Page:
Puerto Rico has been making headlines for months. Yesterday, the clincher finally appeared: S&P downgraded the island’s debt to “junk” status. What does it mean for the municipal bond market? After all, given the triple-tax-exempt status of Puerto Rico bonds, they are widely held by muni investors across the nation.
The answer may surprise you: We don’t expect it will be very meaningful to the broader market at all.
The downgrade was not at all unexpected. As I alluded to in my November blog post, there has been a large disconnect between the rating agencies’ assessment of Puerto Rico’s debt and the market’s view. In fact, Puerto Rico bonds have been trading as non-investment grade since last summer, so the new BB+ rating is actually a better reflection of the island’s credit profile and pricing.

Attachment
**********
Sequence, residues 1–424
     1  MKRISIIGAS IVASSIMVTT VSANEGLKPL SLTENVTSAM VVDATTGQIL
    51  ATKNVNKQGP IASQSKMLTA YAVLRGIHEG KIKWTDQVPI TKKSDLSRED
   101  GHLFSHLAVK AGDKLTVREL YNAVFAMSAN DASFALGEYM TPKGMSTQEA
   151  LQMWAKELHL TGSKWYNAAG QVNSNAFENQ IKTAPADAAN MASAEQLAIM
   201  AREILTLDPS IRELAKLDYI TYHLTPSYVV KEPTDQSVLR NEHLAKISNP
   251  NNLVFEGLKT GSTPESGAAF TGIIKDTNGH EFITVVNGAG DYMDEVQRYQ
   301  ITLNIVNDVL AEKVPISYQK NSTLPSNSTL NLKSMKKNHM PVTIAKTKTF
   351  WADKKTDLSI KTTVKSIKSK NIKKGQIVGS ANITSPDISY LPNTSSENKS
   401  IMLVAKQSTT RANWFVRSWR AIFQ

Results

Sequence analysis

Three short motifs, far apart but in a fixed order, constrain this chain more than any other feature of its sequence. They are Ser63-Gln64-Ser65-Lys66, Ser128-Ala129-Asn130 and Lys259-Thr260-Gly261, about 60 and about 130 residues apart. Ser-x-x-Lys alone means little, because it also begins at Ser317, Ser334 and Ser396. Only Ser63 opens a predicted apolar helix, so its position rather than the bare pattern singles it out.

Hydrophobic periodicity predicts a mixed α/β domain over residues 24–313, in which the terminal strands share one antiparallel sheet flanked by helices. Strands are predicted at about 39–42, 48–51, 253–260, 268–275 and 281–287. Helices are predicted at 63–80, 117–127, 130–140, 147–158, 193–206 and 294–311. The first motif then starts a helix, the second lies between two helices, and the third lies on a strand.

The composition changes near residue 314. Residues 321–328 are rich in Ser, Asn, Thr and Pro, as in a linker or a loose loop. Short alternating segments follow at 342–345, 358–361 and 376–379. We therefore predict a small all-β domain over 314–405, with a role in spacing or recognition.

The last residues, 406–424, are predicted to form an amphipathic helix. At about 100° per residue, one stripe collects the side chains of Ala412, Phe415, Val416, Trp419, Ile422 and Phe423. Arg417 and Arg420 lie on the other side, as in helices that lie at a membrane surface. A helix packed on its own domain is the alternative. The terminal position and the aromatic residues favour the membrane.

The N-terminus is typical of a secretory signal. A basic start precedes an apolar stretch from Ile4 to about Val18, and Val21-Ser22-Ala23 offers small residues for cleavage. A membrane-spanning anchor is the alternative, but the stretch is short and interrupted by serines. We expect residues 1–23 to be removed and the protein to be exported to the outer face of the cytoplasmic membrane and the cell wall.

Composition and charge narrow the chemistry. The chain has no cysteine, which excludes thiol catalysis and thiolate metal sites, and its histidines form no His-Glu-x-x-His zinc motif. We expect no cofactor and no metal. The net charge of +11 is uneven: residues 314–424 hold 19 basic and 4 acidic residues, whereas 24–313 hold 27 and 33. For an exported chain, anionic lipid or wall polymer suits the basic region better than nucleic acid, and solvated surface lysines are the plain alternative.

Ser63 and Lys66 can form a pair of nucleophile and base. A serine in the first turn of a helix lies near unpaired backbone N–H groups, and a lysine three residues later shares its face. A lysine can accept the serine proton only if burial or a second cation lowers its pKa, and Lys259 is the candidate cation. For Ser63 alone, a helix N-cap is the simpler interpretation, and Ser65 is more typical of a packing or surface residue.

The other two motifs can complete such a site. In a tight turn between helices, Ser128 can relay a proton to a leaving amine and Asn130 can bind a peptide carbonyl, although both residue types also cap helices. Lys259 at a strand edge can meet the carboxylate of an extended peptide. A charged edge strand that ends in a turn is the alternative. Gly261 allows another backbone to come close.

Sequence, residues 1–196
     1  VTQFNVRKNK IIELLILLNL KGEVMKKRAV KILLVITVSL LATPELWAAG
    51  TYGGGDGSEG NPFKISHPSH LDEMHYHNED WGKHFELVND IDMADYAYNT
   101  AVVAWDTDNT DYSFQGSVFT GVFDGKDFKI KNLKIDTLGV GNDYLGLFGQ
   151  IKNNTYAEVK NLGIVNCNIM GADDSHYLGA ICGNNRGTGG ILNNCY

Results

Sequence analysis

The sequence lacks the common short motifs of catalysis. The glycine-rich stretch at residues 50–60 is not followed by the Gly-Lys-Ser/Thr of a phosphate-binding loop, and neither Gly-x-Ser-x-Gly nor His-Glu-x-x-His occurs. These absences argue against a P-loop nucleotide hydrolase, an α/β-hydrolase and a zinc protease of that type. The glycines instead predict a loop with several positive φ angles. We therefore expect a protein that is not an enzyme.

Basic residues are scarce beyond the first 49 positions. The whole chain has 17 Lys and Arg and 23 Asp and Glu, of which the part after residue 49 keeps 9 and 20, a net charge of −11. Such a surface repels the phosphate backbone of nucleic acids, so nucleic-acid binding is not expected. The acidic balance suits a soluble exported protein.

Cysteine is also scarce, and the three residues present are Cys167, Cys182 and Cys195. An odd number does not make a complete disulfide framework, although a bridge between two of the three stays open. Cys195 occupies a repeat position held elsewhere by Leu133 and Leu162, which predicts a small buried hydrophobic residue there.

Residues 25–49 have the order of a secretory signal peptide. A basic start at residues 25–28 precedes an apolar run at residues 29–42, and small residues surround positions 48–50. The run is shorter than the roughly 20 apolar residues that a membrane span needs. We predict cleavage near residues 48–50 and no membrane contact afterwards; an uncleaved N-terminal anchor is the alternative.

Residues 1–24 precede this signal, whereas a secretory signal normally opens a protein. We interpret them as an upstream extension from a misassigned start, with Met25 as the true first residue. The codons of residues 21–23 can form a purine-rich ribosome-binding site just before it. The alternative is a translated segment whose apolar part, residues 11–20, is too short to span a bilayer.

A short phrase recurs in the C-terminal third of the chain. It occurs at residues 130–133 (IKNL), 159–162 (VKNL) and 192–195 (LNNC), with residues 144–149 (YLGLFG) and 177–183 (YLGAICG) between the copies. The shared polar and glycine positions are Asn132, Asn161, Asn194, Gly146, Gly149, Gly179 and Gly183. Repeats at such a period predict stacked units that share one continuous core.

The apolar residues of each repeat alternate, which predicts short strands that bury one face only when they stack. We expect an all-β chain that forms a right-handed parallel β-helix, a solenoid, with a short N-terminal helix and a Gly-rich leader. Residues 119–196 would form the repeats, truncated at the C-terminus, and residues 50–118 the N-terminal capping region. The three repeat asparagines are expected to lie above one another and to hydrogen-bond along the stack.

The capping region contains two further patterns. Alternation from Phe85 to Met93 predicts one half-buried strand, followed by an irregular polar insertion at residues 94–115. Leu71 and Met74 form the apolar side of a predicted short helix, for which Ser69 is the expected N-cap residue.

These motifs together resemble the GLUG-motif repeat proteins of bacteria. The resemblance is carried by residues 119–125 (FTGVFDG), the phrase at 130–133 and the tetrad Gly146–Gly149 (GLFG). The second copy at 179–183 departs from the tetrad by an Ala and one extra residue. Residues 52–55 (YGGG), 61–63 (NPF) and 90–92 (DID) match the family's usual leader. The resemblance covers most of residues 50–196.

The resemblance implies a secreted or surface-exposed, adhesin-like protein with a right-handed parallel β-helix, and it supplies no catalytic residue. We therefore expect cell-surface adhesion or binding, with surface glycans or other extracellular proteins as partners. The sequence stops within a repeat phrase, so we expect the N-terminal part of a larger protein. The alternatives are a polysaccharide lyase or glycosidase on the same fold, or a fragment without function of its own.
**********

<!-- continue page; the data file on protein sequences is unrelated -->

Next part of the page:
Whereas the broader municipal market was down 2.55% last year, Puerto Rico was down 20.47%. Clearly, investors had taken notice. Many actually sold down their positions over the course of the summer and fall, giving those that hung on ample time to position for the downgrade.
In addition, S&P Dow Jones last month made the decision to remove all U.S. territories (including Puerto Rico) from its investment-grade indexes, indicating they no longer meet the objectives established for those indexes. This required investment-grade index products to sell their Puerto Rico exposure, which effectively alleviates forced selling in the aftermath of the downgrade.